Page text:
Guardi­ola wrong from start in choice of age­ing full-backs

Who won the touch­line duel be­tween Jur­gen Klopp and Pep Guardi­ola? James Ducker re­ports

The Sunday Telegraph - Sport - - PREMIER LEAGUE -

Se­lec­tion

Pep Guardi­ola wants to sign two new full-backs. Un­til then, the Manch­ester City man­ager must con­tend with what he has and his de­ci­sion to start with Pablo Za­baleta and Alek­san­dar Ko­larov here against Liver­pool’s dy­namic pair­ing of Adam Lal­lana and Sa­dio Mané was per­plex­ing. Both looked slow, old and pon­der­ous against in­ci­sive, pen­e­tra­tive op­po­nents, and while Bacary Sagna and Gaël Clichy hardly have youth on their side, they of­fer greater mo­bil­ity and en­ergy, which is what Guardi­ola needed both de­fen­sively and go­ing for­ward.

Guardi­ola’s per­sis­tence with Ko­larov is all the harder to fathom given how the Serb has re­gressed as the sea­son has pro­gressed. James Mil­ner left City be­cause he wanted reg­u­lar foot­ball and a cen­tral mid­field berth. He has ended up as a left-back un­der Jür­gen Klopp (left) at Liver­pool but he was the best full-back on show and de­served more from a stun­ning in­swing­ing pass that put Roberto Firmino through only for the for­ward’s con­trol to let him down. Mil­ner pos­i­tively rev­elled in his duel with City winger Ra­heem Ster­ling, the for­mer Liver­pool winger whose ev­ery touch was mer­ci­lessly booed by the na­tives.

Tac­tics

There were a cou­ple of mo­ments in quick suc­ces­sion in the open­ing pe­riod that summed up what this Liver­pool side are about un­der Klopp. With his team pressed high up the pitch and Firmino clos­ing down the space around Clau­dio Bravo, the City goal­keeper was forced to go long. A minute later, Bravo, Za­baleta and John Stones found them­selves boxed in with nowhere to go as Lal­lana, Firmino and Emre Can hunted as a pack. Key to Liver­pool’s first-half supremacy was the speed with which they closed down the space around David Silva and Kevin De Bruyne as well as lone striker Ser­gio Agüero.

City im­proved af­ter the in­ter­val when they stopped squan­der­ing pres­sure so need­lessly, pushed higher up­field and De Bruyne and Silva be­gan to in­ter­change po­si­tion more. It left them more open to Liver­pool coun­ter­at­tack­ing but they could not con­tinue as they were do­ing. Guardi­ola has worked specif­i­cally in train­ing over the past fort­night on win­ning sec­ond balls but his team re­main too pas­sive at times and lack the ag­gres­sion of Klopp’s Liver­pool.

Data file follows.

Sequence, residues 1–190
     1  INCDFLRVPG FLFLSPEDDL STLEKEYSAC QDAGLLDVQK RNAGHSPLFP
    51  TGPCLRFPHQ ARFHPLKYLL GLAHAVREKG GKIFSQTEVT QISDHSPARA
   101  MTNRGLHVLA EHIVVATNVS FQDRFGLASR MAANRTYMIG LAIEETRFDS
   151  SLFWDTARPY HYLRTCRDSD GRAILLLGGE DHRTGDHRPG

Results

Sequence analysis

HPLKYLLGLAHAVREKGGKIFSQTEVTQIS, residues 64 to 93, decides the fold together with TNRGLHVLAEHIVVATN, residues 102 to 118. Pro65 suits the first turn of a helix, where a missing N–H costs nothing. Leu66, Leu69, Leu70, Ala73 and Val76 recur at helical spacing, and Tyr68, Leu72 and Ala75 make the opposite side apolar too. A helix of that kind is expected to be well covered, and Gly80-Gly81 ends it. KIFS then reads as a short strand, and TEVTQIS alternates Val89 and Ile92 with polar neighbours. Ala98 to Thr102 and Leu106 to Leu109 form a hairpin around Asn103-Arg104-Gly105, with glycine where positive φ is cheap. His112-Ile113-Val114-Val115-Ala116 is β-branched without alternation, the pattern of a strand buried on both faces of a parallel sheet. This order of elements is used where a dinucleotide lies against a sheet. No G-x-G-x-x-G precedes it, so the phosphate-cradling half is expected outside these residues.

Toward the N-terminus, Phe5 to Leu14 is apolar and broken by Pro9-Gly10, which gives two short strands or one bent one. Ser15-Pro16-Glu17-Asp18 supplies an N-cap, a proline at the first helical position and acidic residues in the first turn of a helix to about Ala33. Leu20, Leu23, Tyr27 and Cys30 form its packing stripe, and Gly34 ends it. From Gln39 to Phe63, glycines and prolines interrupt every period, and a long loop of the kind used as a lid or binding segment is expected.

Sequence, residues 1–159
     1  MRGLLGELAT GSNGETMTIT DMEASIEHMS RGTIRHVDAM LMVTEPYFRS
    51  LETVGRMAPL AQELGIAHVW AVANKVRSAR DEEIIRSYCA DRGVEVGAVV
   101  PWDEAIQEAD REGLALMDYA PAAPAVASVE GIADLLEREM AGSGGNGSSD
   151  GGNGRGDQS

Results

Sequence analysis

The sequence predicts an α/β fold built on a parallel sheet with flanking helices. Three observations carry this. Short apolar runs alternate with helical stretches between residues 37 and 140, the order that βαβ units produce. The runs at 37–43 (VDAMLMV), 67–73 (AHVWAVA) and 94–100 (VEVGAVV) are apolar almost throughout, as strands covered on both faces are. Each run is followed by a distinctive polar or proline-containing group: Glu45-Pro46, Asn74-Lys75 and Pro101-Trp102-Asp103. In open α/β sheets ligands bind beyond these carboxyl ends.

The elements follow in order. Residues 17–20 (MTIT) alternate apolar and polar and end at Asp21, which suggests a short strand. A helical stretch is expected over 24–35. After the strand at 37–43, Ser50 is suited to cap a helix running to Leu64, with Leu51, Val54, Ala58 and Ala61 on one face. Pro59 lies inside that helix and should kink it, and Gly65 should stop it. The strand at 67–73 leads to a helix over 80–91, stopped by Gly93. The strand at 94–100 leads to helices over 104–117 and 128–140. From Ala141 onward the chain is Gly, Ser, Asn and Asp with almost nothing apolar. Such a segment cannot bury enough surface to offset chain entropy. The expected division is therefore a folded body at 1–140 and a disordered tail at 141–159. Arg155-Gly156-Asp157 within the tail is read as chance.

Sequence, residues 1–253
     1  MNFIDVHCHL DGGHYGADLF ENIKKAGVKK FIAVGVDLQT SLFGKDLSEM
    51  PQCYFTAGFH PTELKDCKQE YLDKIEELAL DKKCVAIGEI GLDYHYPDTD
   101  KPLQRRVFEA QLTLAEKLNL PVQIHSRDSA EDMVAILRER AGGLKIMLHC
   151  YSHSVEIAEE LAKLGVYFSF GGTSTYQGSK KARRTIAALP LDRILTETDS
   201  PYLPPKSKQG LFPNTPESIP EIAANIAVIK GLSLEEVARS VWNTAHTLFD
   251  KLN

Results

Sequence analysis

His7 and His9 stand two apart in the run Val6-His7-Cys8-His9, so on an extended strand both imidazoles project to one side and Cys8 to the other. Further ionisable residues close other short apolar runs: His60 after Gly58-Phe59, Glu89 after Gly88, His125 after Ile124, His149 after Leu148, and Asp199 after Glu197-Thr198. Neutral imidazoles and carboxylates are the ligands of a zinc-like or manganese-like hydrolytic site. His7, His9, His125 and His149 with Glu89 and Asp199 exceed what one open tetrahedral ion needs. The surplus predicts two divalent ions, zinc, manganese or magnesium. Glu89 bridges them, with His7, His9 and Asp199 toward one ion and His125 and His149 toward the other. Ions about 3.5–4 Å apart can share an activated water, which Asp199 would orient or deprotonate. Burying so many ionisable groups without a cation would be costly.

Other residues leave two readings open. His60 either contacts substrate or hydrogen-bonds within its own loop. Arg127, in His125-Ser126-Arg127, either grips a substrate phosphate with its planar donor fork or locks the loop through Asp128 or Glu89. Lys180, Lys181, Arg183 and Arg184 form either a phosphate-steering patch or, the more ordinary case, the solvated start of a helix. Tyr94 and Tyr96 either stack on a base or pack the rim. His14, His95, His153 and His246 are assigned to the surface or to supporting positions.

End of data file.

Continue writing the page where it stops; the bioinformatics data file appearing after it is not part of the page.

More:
Mo­ti­va­tion

Liver­pool started the game sharper, faster, hun­grier, ev­ery­thing Klopp would have wanted and ex­pected. City, by con­trast, con­ceded for the sixth time in­side 15 min­utes in the Pre­mier League this sea­son and now have just four clean sheets in 19 league out­ings. Guardi­ola is renowned for de­mand­ing to­tal fo­cus and con­cen­tra­tion from his play­ers so why are they rou­tinely start­ing matches so sleep­ily, so half-baked and leav­ing them­selves with an up­hill task?

Guardi­ola will have known his team needed to get off to a strong start. They had won once at An­field since 1981. City had also not won any of the pre­vi­ous 92 Pre­mier League away games in which they trailed at half­time, dat­ing back to April 1995. City have won just one of 14 matches against the league’s top eight this term but Guardi­ola ap­pears to be strug­gling to ad­dress those big-game short­com­ings – City have 10 points from 21 against the top eight this sea­son and now been beaten by Liver­pool as well as Chelsea and Tot­ten­ham – and the in­ten­sity with which they be­gan the sea­son has dropped markedly. By con­trast, Liver­pool, un­fazed and un­daunted, are ris­ing to the big oc­ca­sion un­der Klopp. Hav­ing such a vo­cif­er­ous home crowd must aid that process, though.

Sub­sti­tutes

Klopp’s hand was forced in the 64th minute when Jor­dan Hen­der­son, who had been ex­cel­lent in cen­tral mid­field along­side Ge­orginio Wi­j­nal­dum and Can, suc­cumbed to in­jury. The Liver­pool man­ager opted to drop Lal­lana into mid­field from his po­si­tion on the left and in­tro­duce Divock Origi up front. Lal­lana made the change seam­lessly while Origi pro­vided an­other pacy out­let in at­tack along­side Mané and Firmino. The sur­prise was Guardi­ola (right) waited un­til the fi­nal five min­utes to change things. The City man­ager was not ex­actly blessed with op­tions from the bench but given the dif­fi­cul­ties his side were hav­ing try­ing to by­pass Mil­ner and Nathaniel Clyne, Jesús Navas’s pace could have been a use­ful as­set ear­lier in the sec­ond half while Agüero, who had missed the pre­vi­ous four matches through sus­pen­sion, had tired badly and Kelechi Iheana­cho might have pro­vided some more im­pe­tus go­ing for­ward. Both were in­tro­duced too late.

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